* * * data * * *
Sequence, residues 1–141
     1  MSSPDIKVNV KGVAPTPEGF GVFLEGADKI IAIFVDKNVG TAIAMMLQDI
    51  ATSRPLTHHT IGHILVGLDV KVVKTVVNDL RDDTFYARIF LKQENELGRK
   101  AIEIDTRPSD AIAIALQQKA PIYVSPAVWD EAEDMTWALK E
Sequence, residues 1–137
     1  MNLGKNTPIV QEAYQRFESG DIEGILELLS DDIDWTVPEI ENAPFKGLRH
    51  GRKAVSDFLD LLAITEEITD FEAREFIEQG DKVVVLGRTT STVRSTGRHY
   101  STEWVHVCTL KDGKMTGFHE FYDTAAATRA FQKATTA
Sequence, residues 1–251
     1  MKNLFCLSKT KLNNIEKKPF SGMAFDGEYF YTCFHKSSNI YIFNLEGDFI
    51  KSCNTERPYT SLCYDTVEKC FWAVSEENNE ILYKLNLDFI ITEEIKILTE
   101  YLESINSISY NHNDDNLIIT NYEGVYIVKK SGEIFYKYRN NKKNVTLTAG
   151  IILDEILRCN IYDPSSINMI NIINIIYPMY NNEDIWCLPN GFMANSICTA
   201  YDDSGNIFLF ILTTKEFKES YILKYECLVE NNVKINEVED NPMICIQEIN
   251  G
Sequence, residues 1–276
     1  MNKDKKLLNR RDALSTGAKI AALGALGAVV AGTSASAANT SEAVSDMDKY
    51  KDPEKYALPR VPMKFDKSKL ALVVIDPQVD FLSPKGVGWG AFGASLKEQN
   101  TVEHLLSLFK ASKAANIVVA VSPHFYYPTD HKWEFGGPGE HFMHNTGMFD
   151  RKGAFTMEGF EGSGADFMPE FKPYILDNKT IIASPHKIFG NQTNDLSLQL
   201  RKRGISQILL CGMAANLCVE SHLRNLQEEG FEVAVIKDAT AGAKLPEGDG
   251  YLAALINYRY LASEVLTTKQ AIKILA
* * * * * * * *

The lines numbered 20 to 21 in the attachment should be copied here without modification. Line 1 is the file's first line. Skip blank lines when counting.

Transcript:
   151  RKGAFTMEGF EGSGADFMPE FKPYILDNKT IIASPHKIFG NQTNDLSLQL
   201  RKRGISQILL CGMAANLCVE SHLRNLQEEG FEVAVIKDAT AGAKLPEGDG